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Opinion

Why The Nigerian Labour Force Needs More To Celebrate May Day

Since 1981, International Labour Day has been celebrated in Nigeria. May Day as a holiday in Nigeria was first declared by the People Redemption Party (PRP) Government of Kano State in 1980 and became a national holiday on May 1, 1981.

International Labour Day is observed every year on May 1, to mark the achievements of the workers and to spread awareness about exploitation. Also known as International Workers’ Day and May Day, it is observed in several regions across the globe.

International Workers’ Day originated in the 19th century as a way to honour efforts to win an eight-hour workday, at a time when factory labourers in industrializing countries would regularly clock 70 hours or more per week, and conditions were frequently terrible.

There has been a long decline in the agricultural sector as Nigeria’s oil and gas resources stand as the major focus for government revenue and foreign exchange earnings. Nigeria labour force has recently experienced increasing strike actions and protests, across various sectors, ranging from ASUU strike to ASUP, JUSUN, NARD strike, etc. amidst the struggles of the covid-19 pandemic as a result of different agitation for the welfare of workers.  

As Iyayi (2008) contends, labour movements in Nigeria have evolved into a robust, intellectual, vibrant, militant, national liberator movement in the country, taking on successive military and civilian regimes. Such issues include, among others, minimum wage, the Structural Adjustment Programme (SAP), electoral reforms, political party issues, education-related issues, fuel price hikes, better conditions of service for workers, external debt, cost of living and corruption.

Nigeria, as one of the most populated West African nations with an estimated population of 200 million people, an average home survives on a minimum wage of ₦30,000 monthly, spending more than half on food. A data from World Poverty Clock in November 2020 showed that Nigeria with a total population of 205,323,520 people, about 105,097,856 representing 51% now live below $1.90 or N855 a day. This means that more than 105 million Nigerians are living in extreme poverty.

The government and different sectors have made so many agreements, and today those sectors are protesting that the government has failed legally, to honour their part of the agreement. And these breaches in the agreement have necessitated different strike actions by some of these sectors. Some have been called off while some have not. That is to show that there is a lot that the workers are agitating for.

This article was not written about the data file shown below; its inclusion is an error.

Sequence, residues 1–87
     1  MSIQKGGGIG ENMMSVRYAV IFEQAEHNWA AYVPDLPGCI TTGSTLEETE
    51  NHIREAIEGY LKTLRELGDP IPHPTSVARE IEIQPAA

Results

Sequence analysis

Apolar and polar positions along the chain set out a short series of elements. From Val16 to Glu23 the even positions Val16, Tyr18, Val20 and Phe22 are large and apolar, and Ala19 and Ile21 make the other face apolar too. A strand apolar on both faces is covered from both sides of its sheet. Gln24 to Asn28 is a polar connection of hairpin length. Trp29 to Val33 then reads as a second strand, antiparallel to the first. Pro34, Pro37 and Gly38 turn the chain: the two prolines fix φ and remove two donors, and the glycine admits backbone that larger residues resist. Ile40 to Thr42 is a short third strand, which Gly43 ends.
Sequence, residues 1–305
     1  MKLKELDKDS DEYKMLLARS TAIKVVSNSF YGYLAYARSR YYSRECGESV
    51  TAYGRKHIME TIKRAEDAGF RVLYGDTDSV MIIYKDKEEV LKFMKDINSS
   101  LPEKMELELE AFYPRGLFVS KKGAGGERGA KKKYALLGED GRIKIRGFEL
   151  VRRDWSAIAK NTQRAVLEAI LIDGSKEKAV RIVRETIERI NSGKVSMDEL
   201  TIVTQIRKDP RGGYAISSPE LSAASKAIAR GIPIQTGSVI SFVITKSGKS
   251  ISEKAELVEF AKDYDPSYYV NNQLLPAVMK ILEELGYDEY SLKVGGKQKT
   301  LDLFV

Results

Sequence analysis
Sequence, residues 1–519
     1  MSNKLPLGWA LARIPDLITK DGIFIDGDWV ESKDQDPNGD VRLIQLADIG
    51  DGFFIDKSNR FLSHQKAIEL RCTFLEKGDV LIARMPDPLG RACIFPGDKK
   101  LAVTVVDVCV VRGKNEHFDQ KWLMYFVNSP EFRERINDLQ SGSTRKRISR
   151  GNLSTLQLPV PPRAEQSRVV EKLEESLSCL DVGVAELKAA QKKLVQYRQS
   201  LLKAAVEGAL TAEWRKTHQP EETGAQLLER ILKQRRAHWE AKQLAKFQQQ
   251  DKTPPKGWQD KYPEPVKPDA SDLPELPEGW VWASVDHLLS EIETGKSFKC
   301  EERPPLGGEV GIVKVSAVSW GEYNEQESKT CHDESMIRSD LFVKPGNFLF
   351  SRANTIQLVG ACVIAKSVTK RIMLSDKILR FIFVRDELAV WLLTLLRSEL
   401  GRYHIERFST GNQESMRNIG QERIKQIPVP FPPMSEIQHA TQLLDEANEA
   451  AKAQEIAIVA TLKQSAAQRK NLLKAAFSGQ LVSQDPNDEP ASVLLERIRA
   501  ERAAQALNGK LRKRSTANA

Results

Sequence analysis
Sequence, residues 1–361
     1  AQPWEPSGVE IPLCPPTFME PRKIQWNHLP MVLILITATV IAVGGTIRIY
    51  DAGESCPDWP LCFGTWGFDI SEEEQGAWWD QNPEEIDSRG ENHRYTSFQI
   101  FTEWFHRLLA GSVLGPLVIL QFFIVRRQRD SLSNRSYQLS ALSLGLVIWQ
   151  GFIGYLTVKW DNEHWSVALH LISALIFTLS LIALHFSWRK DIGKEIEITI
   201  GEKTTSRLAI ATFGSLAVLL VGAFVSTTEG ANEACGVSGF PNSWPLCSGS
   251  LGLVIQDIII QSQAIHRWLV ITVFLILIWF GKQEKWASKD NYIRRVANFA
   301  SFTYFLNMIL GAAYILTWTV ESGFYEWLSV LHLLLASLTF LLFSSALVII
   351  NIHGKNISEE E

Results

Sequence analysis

In a report by The Cable news network, the Labour Force Statistics by the National Bureau of Statistics, NBS, reflected that a total of 23.18 million persons in Nigeria either did nothing or worked for less than 20 hours a week, making them unemployed during the fourth quarter (Q4) 2020, as Nigeria’s unemployment rate hit a new record high at 33.3 per cent in the fourth quarter (Q4) 2020 from 27.1 recorded in the second quarter (Q2) 2020. Similarly, Nigeria, Africa’s largest economy, has been ranked third on a list of countries with the highest unemployment rate globally.

Workers are faced with the issue of the minimum wage which the workers have been agitating for the increase of minimum wage, which up till now the government has failed to implement.  There is the issue of financial autonomy of the judiciary, which the judicial workers are agitating for, coupled with agitation from the education sector for the welfare of lecturers and other infrastructural development, pensioners welfare, increase in the cost and standard of living, inflation which has left most households hungry, as their income level cannot take care of their needs.

An increasing number of Nigerian households have become food insecure as a result of the downturn of the economy, rising inflation and escalating food prices that erode their purchasing power with an increase in Nigeria’s unemployment rate to 33.3 per cent in the fourth quarter (Q4) 2020.

This interprets that the working conditions in Nigeria as a public servant have faced tremendous deterioration over the years,  leaving workers across the country to battle for survival.

This opinion story has been published on CAMPUS REPORTER with very minimal editing to preserve the original voice of the author. CAMPUS REPORTER does not bear any responsibility for the contents of this story, all views belong to the author.

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